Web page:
Joementum hits a wall in Connecticut.
Being a dubya enabler and a Democrat doesn’t seem to go over too well in some locales.
Watanabe, a professional science writer who took notes on the exchange, told Lieberman that while she appreciated his “very good” voting record, she wanted to know how she could present him for re-election in her town when “our people are pretty pacifistic” and were opposed the war in Iraq “from the beginning,” when “our people don’t support Rice,” and when “they are most unhappy with Gonzales.”
She said Lieberman responded that he does what he believes is right, that he didn’t want the war to be used as a litmus test, and finally that he didn’t have to come to Harwinton.
Myrna Watanabe writes:
After I asked my polite question to Lieberman at State Committee last week, I started getting emails and calls from people telling me that they, too, are seriously disturbed about Lieberman’s political stances. The day after the State Committee meeting, there was a meeting of 4th C.D. town chairs at which Mitchell Fuchs, the Fairfield DTC chair, lambasted Lieberman for his votes, his coziness with the Bushies, his stance on the war, etc. One town chair sent me the following email: “Tell him he doesn’t have to come to XXX either, unless it’s to announce he isn’t going to run again.” Another town chair told me, “We hate him here!” He probably doesn’t have many friends on State Committee either. When he responded to my question by saying that he had a 70 percent favorable rating, someone in the back yelled out, “From Republicans!”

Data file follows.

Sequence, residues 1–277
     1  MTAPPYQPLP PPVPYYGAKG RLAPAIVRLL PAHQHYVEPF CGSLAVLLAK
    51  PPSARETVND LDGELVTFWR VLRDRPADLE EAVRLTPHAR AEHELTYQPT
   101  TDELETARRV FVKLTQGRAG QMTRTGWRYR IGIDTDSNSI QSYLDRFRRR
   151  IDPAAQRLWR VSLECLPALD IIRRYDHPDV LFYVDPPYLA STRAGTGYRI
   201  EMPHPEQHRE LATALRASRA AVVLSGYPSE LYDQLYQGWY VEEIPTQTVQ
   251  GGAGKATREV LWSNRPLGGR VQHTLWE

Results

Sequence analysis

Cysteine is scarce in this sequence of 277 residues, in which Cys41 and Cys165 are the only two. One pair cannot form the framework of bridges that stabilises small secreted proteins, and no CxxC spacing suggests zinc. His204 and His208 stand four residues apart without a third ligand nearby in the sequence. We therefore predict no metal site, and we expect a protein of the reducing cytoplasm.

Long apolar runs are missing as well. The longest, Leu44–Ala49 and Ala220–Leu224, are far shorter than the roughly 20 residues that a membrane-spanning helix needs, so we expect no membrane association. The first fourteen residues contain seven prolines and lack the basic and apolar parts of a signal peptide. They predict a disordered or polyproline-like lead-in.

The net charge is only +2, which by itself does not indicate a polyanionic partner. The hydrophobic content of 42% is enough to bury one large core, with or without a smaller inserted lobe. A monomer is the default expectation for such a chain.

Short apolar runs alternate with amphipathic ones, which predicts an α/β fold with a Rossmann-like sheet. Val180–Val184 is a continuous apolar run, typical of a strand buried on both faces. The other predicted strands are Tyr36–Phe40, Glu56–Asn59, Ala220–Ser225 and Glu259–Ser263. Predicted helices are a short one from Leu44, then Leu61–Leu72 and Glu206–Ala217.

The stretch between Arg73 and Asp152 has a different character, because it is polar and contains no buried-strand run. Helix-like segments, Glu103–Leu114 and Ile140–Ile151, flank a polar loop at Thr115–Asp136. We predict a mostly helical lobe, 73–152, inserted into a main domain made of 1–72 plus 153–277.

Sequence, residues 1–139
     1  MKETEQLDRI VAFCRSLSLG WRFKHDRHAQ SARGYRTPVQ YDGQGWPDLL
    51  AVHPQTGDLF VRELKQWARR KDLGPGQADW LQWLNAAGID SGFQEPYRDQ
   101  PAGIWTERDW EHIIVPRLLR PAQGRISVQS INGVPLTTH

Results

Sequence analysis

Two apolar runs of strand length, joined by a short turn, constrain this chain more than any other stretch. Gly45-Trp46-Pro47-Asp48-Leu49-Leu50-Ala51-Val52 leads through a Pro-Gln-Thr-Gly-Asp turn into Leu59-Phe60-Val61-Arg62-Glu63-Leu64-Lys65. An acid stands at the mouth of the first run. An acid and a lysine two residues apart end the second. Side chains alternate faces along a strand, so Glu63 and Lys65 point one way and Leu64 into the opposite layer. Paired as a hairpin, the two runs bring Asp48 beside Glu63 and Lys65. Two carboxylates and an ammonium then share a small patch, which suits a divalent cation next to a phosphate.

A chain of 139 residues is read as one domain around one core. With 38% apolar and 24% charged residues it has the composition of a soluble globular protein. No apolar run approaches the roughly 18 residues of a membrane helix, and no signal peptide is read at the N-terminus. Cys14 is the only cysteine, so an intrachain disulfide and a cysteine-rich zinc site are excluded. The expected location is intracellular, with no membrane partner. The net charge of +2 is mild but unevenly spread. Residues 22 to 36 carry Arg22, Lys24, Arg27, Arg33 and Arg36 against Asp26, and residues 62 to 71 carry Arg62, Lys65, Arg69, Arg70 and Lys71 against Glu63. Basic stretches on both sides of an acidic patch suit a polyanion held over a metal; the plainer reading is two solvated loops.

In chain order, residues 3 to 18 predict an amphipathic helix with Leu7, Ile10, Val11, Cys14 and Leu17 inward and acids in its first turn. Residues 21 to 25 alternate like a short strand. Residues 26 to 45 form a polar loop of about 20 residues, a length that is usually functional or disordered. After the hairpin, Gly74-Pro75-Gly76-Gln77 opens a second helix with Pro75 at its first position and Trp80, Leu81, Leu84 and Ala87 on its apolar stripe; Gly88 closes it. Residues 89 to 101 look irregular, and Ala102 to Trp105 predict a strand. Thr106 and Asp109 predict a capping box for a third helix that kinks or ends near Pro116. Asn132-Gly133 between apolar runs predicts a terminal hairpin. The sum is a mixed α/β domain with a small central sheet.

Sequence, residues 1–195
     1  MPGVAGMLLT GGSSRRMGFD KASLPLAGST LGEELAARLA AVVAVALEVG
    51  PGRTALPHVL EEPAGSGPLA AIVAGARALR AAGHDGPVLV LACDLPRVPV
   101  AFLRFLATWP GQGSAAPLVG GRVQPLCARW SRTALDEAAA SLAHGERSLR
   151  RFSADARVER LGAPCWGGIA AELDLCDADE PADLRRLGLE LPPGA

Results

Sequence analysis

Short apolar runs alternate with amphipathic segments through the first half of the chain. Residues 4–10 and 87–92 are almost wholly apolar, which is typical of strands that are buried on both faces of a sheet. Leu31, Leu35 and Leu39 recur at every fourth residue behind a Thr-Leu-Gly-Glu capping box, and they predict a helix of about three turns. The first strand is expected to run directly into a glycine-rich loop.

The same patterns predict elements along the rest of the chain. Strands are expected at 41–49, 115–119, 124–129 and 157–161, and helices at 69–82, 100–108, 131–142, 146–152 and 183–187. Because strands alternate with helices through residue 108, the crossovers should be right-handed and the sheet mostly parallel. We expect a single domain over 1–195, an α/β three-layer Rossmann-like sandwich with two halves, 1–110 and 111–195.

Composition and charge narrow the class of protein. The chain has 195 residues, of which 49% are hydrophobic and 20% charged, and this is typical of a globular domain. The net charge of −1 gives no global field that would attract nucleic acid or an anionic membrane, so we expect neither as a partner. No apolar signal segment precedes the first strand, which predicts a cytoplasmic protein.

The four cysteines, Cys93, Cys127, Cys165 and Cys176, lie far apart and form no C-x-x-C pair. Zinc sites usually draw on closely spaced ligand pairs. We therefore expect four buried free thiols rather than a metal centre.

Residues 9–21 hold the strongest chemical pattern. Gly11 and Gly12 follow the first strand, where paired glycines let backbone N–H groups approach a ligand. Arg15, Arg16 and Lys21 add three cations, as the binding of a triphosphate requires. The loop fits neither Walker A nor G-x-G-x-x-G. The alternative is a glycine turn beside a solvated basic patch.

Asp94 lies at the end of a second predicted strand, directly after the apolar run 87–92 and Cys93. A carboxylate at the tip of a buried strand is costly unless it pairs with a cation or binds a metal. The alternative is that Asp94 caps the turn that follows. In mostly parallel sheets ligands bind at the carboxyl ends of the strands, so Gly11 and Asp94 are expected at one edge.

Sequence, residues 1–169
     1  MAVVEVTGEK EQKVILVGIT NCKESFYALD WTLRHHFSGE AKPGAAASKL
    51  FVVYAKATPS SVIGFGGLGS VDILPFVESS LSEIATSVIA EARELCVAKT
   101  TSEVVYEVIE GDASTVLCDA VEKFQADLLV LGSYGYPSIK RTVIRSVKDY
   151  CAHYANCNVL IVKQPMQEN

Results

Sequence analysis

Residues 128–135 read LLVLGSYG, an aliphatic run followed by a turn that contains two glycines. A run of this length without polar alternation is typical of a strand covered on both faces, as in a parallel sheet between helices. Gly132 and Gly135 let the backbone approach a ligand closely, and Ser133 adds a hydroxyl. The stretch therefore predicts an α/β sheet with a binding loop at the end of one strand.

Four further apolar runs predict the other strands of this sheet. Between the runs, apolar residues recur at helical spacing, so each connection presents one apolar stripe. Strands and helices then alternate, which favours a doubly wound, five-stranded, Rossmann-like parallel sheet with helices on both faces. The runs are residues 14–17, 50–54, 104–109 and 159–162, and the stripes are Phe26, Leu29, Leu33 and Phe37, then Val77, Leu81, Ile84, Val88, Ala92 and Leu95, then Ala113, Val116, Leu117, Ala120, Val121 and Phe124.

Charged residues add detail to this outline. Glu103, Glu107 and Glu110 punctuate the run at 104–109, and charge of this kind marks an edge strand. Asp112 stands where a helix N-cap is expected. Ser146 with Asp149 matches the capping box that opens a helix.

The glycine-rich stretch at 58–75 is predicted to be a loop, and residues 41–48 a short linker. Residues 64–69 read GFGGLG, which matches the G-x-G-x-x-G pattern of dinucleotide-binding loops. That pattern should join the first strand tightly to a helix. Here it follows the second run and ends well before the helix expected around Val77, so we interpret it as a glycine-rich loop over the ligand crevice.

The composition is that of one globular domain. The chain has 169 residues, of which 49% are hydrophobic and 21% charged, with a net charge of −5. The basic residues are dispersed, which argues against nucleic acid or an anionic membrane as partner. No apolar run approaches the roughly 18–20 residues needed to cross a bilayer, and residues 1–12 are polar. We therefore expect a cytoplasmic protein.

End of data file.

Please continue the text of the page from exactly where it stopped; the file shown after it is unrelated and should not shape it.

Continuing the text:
As I see it, Lieberman has a choice: he can go forward, risk not being the party’s nominee, and come up with a third-party endorsement; switch to the Reps, with whom he will be very uncomfortable; do a mea culpa and take on the cloak of leadership of the Democratic Party (“I made a mistake on the war; I shouldn’t compromise with these people because there is no compromise; I will lead us out of this political morass.”); or declare that it’s time to retire and think of something else he can do as an elder statesman.
I suspect that Joe won’t like any of these choices. But he should have thought of that before he cuddled up with the Bushies. Yes, Joe, Democrats do have a litmus test. You have to support good Democratic principles, 24-7, every day of the year, every vote in the Senate (not exactly every vote; we’ll leave you some leeway, but on the big things, and especially in what you say and how you say it, you’ve got to prove you’re a Democrat). And you can’t sleep with the enemy because the stench of dead bodies stays on you.
Again, Lieberman may be wildly popular with Connecticut Republicans, and (to a lesser degree) with self-identified Democrats. But those who know him well aren’t too pleased.
Will it be enough to spawn a strong primary challenger? We’ll see.
My first federal contribution for the 2006 election will go to a primary challenger in the Connecticut Senate seat race.